Dr. Joel Funari performs some 300 tooth extractions annually at his private practice in Devon, Pa.. He's part of a group of dentists reassessing opioid prescribing guidelines in the state. Elana Gordon / WHYY hide caption

toggle caption
Elana Gordon / WHYY

Dentists Work To Ease Patients' Pain With Fewer Opioids

Audio will be available later today.

Explaining The Sizzling Sound Of Meteors

  • Download
  • <iframe src="https://www.npr.org/player/embed/517181421/517181422" width="100%" height="290" frameborder="0" scrolling="no" title="NPR embedded audio player">
  • Transcript

Pig farm workers push live pigs into a large grave in Nipah in 1999. To stop the outbreak, the Malaysian government culled almost 1 million pigs, nearly destroying the country's pork industry. Andy Wong/AP hide caption

toggle caption
Andy Wong/AP

A Taste For Pork Helped A Deadly Virus Jump To Humans

  • Download
  • <iframe src="https://www.npr.org/player/embed/515258818/517181485" width="100%" height="290" frameborder="0" scrolling="no" title="NPR embedded audio player">
  • Transcript

An instructor at Fort Leonard Wood, Mo., carries VX nerve agent inside a special chamber used for training in 2003. Brendan Smialowski/Getty Images hide caption

toggle caption
Brendan Smialowski/Getty Images

VX: The Nerve Agent Used To Kill Kim Jong Nam Is Rare And Deadly

  • Download
  • <iframe src="https://www.npr.org/player/embed/517053496/517086542" width="100%" height="290" frameborder="0" scrolling="no" title="NPR embedded audio player">
  • Transcript

Nancy Roach at a conference in 2016. She's long worked as a patient's advocate and recently teamed up with scientists to help improve the design of studies, as well as to improve clinical care. Andrew Wortmann/Courtesy of Fight Colorectal Cancer hide caption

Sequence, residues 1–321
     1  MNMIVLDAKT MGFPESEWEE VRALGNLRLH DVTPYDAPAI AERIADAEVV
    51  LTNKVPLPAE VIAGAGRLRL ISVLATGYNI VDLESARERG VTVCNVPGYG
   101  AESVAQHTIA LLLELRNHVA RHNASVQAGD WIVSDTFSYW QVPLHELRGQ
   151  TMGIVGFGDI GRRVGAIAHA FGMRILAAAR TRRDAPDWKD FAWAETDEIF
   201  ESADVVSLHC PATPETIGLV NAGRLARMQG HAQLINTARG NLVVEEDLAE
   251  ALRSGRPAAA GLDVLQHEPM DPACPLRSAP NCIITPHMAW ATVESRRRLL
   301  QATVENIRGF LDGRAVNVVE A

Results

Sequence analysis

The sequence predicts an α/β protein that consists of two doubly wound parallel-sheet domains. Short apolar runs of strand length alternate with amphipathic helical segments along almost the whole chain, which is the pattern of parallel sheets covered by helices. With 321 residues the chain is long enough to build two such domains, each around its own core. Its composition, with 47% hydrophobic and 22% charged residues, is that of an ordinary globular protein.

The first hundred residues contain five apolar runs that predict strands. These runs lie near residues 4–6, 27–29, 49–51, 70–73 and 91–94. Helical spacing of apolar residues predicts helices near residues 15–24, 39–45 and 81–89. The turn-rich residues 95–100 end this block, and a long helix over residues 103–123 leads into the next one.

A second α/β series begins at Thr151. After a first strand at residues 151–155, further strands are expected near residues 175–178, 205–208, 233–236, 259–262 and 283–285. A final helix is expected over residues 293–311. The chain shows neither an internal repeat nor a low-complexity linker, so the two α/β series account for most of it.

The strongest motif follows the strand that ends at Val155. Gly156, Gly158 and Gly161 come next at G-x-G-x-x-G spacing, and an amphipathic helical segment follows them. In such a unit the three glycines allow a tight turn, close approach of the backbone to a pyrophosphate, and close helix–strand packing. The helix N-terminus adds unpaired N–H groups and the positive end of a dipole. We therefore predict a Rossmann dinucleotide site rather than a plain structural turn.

toggle caption
Andrew Wortmann/Courtesy of Fight Colorectal Cancer

Advice From Patients On A Study's Design Makes For Better Science

  • Download
  • <iframe src="https://www.npr.org/player/embed/515226648/517086518" width="100%" height="290" frameborder="0" scrolling="no" title="NPR embedded audio player">
  • Transcript

Mildred Dresselhaus, winner of the Kavli Prize and the Presidential Medal of Freedom, speaks in Bergen, Norway, in 2012. Marit Hommedal/Flickr hide caption

toggle caption
Marit Hommedal/Flickr
Ryan Lash/TED

Eric Haseltine: Can The Past Guide Us To Future Scientific Breakthroughs?

  • Download
  • <iframe src="https://www.npr.org/player/embed/516727050/516876864" width="100%" height="290" frameborder="0" scrolling="no" title="NPR embedded audio player">
  • Transcript

Liz Coleman on the TED stage in Long Beach, CA. Asa Mathat/TED hide caption

toggle caption
Asa Mathat/TED

Liz Coleman: How Do We Teach College Students To Ask Big Questions?

  • Download
  • <iframe src="https://www.npr.org/player/embed/516726045/516876753" width="100%" height="290" frameborder="0" scrolling="no" title="NPR embedded audio player">
  • Transcript
Courtesy of TEDxSaltLakeCity

Kevin Jones: Can Embracing Uncertainty Lead To Better Medicine?

  • Download
  • <iframe src="https://www.npr.org/player/embed/516710048/516876621" width="100%" height="290" frameborder="0" scrolling="no" title="NPR embedded audio player">
  • Transcript
Ryan Lash/TED

Naomi Oreskes: Why Should We Believe In Science?

  • Download
  • <iframe src="https://www.npr.org/player/embed/516709308/516876452" width="100%" height="290" frameborder="0" scrolling="no" title="NPR embedded audio player">
  • Transcript
Marla Aufmuth/TED

Michael Stevens: How Do You Find Smart Answers to Quirky Questions?

  • Download
  • <iframe src="https://www.npr.org/player/embed/516704705/516876249" width="100%" height="290" frameborder="0" scrolling="no" title="NPR embedded audio player">
  • Transcript

TV screens in Seoul, South Korea, show images Wednesday of Kim Jong Nam, the half-brother of North Korean leader Kim Jong Un. Ahn Young-joon/AP hide caption

toggle caption
Ahn Young-joon/AP

Chemical Weapon Found On Body Of North Korean Leader's Half-Brother

  • Download
  • <iframe src="https://www.npr.org/player/embed/516978090/516983815" width="100%" height="290" frameborder="0" scrolling="no" title="NPR embedded audio player">
  • Transcript

(Top) Police make arrests as they move through the Oceti Sakowin camp. (Bottom) The police moved steadily and slowly through the camp, accompanied by Humvees and maintaining a perimeter of the cleared area. Angus Mordant for NPR hide caption

toggle caption
Angus Mordant for NPR